Traffic enforcers to be renamed ‘constables’
What’s in a name? It could smell just as sweet, or as foul.
In a few weeks, traffic enforcers of the Metropolitan Manila Development Authority (MMDA) will henceforth be called “constables,” a term used in Britain and British territories for policemen.
MMDA Chairman Francis Tolentino said the renaming was intended not simply to give a nice British sheen to his blue-uniformed men, but also to enhance professionalism.
“We want our personnel to be easily identified and to get more respect,” Tolentino said over the phone. “We also want the skills upgrade to instill pride and nationalism in our constables.”
Traffic enforcers will be selected according to their qualifications, which include physical fitness, he said.
Tolentino did not elaborate further, but said he wanted his men to be set apart—in a class all their own, distinguished from local government people doing the same traffic monitoring and enforcement.
Aside from the skills upgrade, the constables will undergo personality improvement classes, which the MMDA chief said would instill “good grooming, proper decorum and discipline among them.”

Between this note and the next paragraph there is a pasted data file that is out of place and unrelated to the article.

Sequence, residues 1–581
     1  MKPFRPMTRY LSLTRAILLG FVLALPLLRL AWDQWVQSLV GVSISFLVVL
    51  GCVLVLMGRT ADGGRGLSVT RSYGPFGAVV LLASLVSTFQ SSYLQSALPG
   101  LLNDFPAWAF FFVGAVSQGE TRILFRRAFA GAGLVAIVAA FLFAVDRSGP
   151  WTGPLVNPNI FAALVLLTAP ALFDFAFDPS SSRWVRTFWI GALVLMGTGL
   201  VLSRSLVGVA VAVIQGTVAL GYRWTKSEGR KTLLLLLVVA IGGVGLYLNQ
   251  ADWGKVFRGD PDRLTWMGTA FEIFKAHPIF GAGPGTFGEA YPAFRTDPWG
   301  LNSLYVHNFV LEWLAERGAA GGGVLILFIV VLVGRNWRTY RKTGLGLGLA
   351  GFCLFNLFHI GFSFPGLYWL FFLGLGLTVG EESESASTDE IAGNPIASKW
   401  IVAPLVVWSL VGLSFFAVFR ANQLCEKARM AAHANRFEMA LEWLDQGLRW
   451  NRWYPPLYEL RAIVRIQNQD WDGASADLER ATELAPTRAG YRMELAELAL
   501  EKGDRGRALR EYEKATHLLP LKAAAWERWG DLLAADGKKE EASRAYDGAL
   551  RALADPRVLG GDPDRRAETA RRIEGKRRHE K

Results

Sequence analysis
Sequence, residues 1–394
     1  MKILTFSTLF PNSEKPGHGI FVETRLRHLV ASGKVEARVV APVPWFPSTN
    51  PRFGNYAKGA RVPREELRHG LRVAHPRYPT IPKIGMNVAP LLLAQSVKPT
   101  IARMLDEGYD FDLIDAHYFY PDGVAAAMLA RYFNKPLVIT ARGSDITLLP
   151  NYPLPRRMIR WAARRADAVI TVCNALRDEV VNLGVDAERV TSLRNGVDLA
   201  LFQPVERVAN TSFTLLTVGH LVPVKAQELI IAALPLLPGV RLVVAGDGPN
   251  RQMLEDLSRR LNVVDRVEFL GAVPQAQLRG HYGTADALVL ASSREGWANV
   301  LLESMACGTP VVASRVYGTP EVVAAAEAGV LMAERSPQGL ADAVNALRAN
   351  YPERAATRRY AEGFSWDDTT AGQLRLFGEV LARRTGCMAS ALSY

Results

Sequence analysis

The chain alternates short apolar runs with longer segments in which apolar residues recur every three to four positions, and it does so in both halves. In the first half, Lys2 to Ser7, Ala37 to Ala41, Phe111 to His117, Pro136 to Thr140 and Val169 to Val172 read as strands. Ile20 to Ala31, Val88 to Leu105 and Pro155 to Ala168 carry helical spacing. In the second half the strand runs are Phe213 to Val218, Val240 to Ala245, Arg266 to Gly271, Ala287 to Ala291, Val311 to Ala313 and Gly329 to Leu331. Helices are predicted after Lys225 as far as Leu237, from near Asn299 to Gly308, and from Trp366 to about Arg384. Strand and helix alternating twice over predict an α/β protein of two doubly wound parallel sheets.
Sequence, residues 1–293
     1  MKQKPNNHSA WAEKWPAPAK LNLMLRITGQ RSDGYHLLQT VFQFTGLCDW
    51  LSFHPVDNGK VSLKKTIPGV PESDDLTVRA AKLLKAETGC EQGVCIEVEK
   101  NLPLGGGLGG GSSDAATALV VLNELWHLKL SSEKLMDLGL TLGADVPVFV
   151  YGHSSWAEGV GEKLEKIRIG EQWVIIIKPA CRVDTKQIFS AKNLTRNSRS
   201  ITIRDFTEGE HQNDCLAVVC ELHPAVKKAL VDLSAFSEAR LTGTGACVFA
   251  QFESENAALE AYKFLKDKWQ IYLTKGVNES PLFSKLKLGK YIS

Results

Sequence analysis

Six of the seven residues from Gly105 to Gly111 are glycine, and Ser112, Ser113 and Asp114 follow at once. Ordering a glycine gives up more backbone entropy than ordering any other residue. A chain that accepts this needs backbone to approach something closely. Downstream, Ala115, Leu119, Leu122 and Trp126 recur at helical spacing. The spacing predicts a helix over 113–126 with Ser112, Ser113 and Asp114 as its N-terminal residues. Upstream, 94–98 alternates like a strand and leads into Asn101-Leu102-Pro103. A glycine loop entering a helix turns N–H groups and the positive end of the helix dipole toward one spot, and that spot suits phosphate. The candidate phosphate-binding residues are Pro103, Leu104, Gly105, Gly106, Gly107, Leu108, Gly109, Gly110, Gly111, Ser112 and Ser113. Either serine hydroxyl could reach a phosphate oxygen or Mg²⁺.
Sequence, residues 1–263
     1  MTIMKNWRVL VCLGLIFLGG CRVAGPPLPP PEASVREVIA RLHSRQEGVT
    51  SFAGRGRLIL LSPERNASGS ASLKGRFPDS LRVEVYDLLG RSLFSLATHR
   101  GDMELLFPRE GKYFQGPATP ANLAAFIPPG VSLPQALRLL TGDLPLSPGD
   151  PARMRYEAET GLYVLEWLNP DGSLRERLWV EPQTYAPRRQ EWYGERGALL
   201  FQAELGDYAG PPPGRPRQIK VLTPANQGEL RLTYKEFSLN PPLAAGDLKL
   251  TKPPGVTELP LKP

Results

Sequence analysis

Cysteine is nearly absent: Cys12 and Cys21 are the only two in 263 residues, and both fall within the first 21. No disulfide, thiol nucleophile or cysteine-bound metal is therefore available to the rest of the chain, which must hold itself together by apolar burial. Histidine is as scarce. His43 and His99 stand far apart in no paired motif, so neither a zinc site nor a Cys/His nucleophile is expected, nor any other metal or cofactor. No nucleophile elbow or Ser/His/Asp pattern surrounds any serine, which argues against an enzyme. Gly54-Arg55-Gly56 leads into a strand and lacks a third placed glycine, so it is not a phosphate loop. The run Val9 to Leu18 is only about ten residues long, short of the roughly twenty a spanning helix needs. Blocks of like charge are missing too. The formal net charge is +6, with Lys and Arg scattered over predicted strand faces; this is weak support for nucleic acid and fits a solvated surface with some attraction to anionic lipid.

The training of the select personnel was scheduled for next week and the launch of the “Edsa 500” was expected in the third week of November, according to Tolentino who announced the project over the MMDA’s weekly radio show.
Tolentino explained the deployment of constables would be done “strategically” to ensure that they would not be spread out thinly.
They would maintain their blue uniforms, but Tolentino said they might wear a “rayadillo”—a Spanish-era type of hat.
The name change is part of the agency’s “Edsa makeover” to ensure smooth traffic flow not only in Metro Manila’s main thoroughfare but in other clogged major streets.
The question is, will it go the same way as the other Tolentino initiatives—like getting rid of “colorum” buses and “kotong”—that after so much fanfare have fallen by the wayside?
Traffic remains as atrocious as ever, particularly during the rush hours. And especially during the holidays and at night, when the enforcers disappear, and the “kings of the roads” flout basic traffic rules.
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